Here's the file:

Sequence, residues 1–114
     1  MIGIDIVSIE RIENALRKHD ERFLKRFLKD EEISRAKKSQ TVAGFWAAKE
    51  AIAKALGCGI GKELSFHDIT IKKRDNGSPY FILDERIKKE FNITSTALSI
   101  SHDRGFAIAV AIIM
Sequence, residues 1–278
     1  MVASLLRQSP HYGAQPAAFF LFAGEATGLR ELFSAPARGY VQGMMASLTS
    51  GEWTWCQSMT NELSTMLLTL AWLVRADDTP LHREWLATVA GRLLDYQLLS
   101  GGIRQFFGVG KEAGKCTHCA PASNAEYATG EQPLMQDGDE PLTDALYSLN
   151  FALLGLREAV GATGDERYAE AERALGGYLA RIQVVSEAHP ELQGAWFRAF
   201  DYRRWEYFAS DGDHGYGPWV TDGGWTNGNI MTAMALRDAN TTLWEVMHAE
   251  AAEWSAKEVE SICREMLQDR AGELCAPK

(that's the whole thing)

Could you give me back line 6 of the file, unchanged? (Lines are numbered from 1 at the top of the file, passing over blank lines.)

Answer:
     1  MVASLLRQSP HYGAQPAAFF LFAGEATGLR ELFSAPARGY VQGMMASLTS